Pharmacological treatment for opiate addiction in an incarcerated setting is still viewed skeptically by many. Our findings nevertheless highlight the fact that implementing methadone is possible in correctional settings, which can be a critical first step in linking individuals to treatment in the community after release. However, it requires both prison leadership and ongoing staff sensitization to a pharmacological approach to treating substance dependence. Staff must also be sensitized to the fact that substance users' health needs may be different from those of other offenders. Ongoing staff training and education about addiction treatment may help mitigate the stigma associated with pharmacological approaches to substance use treatment and can highlight the evidence base for methadone. Additionally, it may be important to report positive results of local MMT programs back to prison staff; this may help overcome fatalistic attitudes about MMT and promote a local evidence base for successful programs.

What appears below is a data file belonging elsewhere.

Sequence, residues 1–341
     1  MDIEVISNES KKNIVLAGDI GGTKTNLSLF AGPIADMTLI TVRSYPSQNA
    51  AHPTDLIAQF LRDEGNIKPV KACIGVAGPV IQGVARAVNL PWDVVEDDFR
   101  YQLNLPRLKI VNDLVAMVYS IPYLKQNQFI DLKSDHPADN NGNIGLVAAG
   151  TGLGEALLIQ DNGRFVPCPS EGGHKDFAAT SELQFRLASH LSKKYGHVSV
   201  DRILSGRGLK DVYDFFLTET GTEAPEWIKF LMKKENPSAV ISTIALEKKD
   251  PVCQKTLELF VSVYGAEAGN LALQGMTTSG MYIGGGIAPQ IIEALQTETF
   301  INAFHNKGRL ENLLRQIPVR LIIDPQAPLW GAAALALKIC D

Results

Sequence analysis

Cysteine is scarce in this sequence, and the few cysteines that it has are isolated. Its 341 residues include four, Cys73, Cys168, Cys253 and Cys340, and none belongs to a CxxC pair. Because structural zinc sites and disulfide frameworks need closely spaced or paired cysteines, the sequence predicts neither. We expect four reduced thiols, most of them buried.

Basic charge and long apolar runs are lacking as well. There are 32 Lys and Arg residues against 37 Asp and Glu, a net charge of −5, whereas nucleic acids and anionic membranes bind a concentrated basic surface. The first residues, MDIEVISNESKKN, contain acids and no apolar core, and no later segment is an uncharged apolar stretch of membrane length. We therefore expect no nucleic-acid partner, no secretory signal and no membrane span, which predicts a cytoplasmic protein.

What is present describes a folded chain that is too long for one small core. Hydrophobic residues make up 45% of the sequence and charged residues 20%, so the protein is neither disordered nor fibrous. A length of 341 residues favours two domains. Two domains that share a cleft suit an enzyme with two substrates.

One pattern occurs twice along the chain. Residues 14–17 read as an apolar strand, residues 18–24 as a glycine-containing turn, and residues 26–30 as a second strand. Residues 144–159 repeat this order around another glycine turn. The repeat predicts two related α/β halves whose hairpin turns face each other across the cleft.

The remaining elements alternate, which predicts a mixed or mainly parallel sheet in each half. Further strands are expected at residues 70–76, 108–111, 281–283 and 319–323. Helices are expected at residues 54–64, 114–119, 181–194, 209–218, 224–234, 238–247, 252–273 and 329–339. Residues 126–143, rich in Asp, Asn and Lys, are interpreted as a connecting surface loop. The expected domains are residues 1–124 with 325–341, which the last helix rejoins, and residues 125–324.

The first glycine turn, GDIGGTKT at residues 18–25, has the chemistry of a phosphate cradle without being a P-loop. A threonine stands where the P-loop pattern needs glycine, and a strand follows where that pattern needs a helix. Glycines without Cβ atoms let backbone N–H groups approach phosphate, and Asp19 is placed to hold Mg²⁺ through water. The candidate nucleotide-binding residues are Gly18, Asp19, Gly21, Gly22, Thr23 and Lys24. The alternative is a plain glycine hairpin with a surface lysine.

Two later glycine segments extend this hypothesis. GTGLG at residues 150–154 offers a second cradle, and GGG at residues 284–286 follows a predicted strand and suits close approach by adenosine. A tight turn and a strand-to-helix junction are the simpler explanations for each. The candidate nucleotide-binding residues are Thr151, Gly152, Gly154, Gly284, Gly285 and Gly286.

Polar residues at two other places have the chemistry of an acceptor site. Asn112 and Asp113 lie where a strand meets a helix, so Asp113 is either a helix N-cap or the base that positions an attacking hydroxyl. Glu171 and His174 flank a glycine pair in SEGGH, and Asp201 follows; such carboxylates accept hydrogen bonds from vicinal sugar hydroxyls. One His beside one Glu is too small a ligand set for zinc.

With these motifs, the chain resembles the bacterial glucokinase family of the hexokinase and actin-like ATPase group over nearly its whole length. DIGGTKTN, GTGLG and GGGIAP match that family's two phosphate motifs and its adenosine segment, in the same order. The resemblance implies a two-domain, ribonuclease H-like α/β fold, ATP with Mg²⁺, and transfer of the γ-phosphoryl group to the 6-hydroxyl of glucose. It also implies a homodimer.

Given staff concerns about security, prison leadership may also want to take steps to ease nurses' concerns about punitive measures for methadone-related security breaches. In our setting, nurses were generally reluctant to take on an additional responsibility with potential security implications. We were only able to overcome this barrier by financing an outside agency to come to RIDOC to dispense methadone. This serious staff and financial barrier may also hinder implementation of other methadone projects in correctional settings in other parts of the country.
Methadone implementation is also most likely to be successful if staff are appropriately compensated for the time and energy they expend on dispensing methadone. This may require additional compensation for some staff or appropriately integrating information about MMT into job descriptions and training programs. These steps may be necessary to integrate MMT programs into staff routines and to guarantee that methadone programs are not viewed as standalone projects, but are considered as part of daily responsibilities. In some cases, as in Rhode Island, this may require negotiations with prison unions. In other settings, this may require negotiations with contract organizations responsible for delivering health services to inmates.